1866 Indian Head pennies are comparatively scarce, especially in relation to the availability of Indian Head cents from the latter 1870s through 1909. In general, 1866 Indian Head pennies should be bought carefully, as many corroded specimens and those in really poor condition run rampant in the marketplace.
Only 9,826,500 Indian Head cents were made that year, which is a very small number of coins. Many of these pieces have long since been damaged, destroyed, or otherwise lost, meaning the pool of 1866 cents available today is much smaller than the mintage number listed here. In a grade of Good-4, an 1866 penny sells for $52. A proof specimen, meanwhile, typically lists at $1,350; 725 of these were produced.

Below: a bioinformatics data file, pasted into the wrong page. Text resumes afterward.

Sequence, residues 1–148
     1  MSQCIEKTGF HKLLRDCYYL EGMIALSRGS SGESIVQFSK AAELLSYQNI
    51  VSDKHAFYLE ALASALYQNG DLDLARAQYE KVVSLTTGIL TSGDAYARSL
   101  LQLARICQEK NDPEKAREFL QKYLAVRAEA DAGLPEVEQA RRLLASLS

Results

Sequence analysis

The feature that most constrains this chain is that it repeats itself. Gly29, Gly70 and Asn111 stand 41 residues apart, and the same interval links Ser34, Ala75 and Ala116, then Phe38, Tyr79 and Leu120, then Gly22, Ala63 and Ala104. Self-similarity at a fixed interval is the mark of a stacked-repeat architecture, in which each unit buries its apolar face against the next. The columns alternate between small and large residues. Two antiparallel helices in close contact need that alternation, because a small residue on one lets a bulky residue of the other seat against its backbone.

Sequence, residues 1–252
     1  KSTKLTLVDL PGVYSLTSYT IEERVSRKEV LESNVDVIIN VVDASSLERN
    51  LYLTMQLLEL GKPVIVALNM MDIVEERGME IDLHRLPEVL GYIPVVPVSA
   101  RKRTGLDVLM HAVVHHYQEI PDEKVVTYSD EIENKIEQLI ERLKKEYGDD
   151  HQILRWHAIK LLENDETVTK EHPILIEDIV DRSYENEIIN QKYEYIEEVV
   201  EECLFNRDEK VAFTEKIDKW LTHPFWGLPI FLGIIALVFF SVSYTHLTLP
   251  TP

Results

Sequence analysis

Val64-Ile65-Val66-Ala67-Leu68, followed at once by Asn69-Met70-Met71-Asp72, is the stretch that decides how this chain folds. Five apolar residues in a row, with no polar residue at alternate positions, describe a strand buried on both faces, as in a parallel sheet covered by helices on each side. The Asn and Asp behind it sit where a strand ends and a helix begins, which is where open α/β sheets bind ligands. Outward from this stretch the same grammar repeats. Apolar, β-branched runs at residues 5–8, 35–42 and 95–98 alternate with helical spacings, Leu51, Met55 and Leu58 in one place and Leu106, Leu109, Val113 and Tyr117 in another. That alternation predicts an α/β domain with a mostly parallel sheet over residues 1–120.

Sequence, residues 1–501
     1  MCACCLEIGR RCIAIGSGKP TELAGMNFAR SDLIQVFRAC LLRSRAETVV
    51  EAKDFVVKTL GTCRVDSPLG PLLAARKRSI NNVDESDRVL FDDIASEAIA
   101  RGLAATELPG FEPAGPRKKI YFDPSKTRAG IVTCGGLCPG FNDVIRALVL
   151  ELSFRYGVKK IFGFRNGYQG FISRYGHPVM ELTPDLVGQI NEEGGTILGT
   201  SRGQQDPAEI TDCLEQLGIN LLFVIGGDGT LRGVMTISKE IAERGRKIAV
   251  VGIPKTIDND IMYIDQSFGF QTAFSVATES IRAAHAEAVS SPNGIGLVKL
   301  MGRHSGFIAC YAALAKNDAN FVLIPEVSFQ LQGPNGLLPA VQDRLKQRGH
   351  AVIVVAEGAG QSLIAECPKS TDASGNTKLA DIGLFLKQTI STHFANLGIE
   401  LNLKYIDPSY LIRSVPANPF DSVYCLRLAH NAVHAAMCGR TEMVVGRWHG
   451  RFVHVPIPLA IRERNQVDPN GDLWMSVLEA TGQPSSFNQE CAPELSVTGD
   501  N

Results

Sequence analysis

The Indian Head penny was designed by James B. Longacre, who served as Chief Engraver of the United States Mint from 1844 through 1869. He is commonly associated with the two-cent piece he designed, which in 1864 became the first U.S. coin to bear the motto IN GOD WE TRUST. The figure on the 1866 Indian Head penny actually isn’t a Native American at all. It’s actually Longacre’s 12-year-old daughter, Sarah, who donned a traditional native headdress playfully placed upon her head by a tribal chief. Longacre sketched the scene, and this drawing is believed to be the basis for the design. On the coin, Sarah depicts Miss Liberty.